The World Health Organization is pushing back against evidence-free claims by U.S. President Donald Trump and other top White House officials that the coronavirus emerged from a government research laboratory in Wuhan, China, the original epicenter of the COVID-19 pandemic.
"From our perspective, this remains speculative," Dr. Michael Ryan, WHO's emergencies director told reporters in Geneva on Monday. "We have not received any data or specific evidence from the U.S. government relating to the purported origin of the virus."
Ryan said WHO "would be very willing to receive any information" that purports to demonstrate the origin of the coronavirus, saying it would be a "very important piece of public health information for future control."
"If that data and evidence is available, then it will be for the United States government to decide whether and when it can be shared," said Ryan, "but it is difficult for the WHO to operate in an information vacuum in that regard."
Ryan's comments came after U.S. Secretary Mike Pompeo claimed in an ABC interview Sunday that there is "enormous evidence" showing the virus originated in the Wuhan Institute of Virology.
Pompeo did not elaborate on the supposed evidence behind his claim and blatantly contradicted himself later in the interview when pressed by ABC's Martha Raddatz.
"The best experts so far seem to think it was man-made. I have no reason to disbelieve that at this point," Pompeo said.
Asked moments later about a report released last week by the U.S. Director of National Intelligence that expressed agreement with the "wide scientific consensus that the COVID-19 virus was not manmade or genetically modified," Pompeo said he has "no reason to doubt that that is accurate at this point."
Last week, Trump — who has repeatedly blamed the Chinese government for the COVID-19 pandemic — claimed to be aware of evidence showing that the coronavirus originated in the Wuhan lab but refused to release it to the public.
"I can't tell you that," Trump said during a press briefing when asked if he could elaborate on the information he claimed to have. "I'm not allowed to tell you that."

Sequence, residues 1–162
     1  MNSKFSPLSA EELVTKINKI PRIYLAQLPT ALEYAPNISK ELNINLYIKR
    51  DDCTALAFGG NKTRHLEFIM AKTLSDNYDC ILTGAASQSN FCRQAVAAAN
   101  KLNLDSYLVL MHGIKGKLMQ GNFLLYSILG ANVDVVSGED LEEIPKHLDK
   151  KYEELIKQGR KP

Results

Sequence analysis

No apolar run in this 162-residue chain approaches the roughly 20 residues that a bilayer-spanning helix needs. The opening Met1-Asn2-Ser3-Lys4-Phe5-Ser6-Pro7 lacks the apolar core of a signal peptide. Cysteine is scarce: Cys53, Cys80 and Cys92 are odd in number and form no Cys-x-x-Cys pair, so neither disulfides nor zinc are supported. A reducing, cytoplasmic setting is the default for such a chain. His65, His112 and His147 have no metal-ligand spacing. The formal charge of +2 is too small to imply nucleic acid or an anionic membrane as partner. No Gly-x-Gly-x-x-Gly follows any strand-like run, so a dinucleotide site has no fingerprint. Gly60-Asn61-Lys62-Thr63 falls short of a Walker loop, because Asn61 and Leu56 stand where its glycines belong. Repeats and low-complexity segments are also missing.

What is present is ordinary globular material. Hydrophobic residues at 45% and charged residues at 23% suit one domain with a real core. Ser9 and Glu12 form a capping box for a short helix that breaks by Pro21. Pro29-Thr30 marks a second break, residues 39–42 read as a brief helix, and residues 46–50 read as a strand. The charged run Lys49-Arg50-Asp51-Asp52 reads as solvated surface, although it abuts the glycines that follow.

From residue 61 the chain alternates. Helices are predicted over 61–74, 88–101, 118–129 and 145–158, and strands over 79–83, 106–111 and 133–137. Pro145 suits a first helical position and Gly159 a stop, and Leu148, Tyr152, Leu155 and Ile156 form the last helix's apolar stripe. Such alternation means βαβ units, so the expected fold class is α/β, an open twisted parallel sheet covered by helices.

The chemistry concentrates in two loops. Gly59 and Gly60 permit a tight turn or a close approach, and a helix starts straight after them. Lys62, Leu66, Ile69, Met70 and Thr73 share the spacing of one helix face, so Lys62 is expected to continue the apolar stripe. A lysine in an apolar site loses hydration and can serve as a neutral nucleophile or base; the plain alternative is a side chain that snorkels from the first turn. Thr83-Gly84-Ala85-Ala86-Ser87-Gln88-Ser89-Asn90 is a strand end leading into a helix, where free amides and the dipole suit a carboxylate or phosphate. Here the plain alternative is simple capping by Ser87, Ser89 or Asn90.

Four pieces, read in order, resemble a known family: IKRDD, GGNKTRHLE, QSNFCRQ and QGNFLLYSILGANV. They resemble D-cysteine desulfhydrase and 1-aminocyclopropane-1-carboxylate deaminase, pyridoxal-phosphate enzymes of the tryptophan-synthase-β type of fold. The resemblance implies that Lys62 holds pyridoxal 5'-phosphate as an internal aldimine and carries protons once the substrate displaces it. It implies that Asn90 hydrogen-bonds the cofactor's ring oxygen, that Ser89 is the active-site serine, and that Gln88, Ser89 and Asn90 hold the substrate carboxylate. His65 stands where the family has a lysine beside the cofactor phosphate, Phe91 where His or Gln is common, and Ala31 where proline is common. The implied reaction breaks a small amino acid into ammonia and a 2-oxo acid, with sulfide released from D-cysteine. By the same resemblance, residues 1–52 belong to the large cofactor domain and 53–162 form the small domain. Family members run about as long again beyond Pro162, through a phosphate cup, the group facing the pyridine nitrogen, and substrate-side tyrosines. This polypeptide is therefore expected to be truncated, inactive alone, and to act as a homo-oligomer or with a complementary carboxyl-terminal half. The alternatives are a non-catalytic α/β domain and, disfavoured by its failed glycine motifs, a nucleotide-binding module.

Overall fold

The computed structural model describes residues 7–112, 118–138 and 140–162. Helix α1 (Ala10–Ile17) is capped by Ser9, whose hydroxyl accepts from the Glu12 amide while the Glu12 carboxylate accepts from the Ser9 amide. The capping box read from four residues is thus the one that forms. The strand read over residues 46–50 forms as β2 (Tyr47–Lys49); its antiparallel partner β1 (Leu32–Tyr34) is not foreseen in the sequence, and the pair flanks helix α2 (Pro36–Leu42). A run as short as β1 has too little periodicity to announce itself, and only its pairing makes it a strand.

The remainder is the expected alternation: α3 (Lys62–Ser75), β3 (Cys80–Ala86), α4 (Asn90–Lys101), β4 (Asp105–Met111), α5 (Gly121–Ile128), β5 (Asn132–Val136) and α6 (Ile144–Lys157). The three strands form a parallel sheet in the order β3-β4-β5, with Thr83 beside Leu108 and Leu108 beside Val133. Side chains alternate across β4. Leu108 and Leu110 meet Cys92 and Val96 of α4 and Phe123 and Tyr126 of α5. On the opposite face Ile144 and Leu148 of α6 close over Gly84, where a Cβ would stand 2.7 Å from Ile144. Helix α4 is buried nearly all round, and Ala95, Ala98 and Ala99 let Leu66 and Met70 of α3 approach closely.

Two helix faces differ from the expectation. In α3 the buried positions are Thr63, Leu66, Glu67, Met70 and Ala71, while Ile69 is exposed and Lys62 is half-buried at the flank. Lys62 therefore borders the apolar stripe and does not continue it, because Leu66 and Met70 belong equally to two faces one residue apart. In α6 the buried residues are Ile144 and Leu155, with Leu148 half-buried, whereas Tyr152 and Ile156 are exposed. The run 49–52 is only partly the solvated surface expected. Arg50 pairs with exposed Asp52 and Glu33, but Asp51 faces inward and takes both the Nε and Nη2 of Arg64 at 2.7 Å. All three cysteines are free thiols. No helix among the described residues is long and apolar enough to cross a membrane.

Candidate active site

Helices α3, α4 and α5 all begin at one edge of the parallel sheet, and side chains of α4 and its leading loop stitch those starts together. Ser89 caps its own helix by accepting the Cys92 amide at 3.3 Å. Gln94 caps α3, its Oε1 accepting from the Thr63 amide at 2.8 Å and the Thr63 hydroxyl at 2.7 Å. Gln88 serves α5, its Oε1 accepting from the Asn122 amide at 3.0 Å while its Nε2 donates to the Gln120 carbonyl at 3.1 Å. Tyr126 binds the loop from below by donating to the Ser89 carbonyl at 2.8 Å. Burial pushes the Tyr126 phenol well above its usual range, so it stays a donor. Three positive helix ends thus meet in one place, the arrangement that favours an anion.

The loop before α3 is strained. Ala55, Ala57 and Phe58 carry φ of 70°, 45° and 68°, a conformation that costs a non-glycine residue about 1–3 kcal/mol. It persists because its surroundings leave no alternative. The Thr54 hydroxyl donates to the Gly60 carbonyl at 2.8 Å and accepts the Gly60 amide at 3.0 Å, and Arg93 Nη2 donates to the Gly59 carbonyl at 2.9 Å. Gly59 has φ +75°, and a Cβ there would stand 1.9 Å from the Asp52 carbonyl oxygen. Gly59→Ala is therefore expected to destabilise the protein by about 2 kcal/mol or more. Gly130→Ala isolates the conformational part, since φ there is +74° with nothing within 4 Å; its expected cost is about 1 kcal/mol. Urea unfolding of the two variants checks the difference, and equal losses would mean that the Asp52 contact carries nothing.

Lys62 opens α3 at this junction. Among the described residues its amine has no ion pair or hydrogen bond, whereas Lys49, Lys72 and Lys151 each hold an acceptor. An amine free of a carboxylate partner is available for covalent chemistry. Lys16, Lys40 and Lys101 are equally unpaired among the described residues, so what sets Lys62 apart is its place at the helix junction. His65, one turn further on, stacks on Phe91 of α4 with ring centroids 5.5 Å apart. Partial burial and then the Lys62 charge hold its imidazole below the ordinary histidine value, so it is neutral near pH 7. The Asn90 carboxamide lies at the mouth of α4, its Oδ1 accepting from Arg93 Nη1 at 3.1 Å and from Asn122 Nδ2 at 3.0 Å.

The New York Times reported last week that senior Trump administration officials are pushing U.S. intelligence agencies to "hunt for evidence to support an unsubstantiated theory that a government laboratory in Wuhan, China, was the origin of the coronavirus outbreak."
"Some intelligence analysts are concerned that the pressure from administration officials will distort assessments about the virus and that they could be used as a political weapon in an intensifying battle with China over a disease that has infected more than three million people across the globe," the Times reported.
Despite the Trump administration's intelligence sector pressure campaign and public claims on the origins of the virus, members of the Five Eyes intelligence network composed of the U.S., Australia, New Zealand, Canada, and the United Kingdom have cast doubt on the White House's claim that the outbreak originated from the Wuhan virology lab.
"Intelligence shared among Five Eyes nations indicates it is 'highly unlikely' that the coronavirus outbreak was spread as a result of an accident in a laboratory," CNN reported Monday, citing two anonymous Western intelligence officials.
"It is highly likely it was naturally occurring and that the human infection was from natural human and animal interaction," one official said.
Dr. Anthony Fauci, the top infectious disease expert in the U.S., echoed that position Monday in an interview with National Geographic.
"If you look at the evolution of the virus in bats and what's out there now, [the scientific evidence] is very, very strongly leaning toward this could not have been artificially or deliberately manipulated," said Fauci. "Everything about the stepwise evolution over time strongly indicates that [this virus] evolved in nature and then jumped species."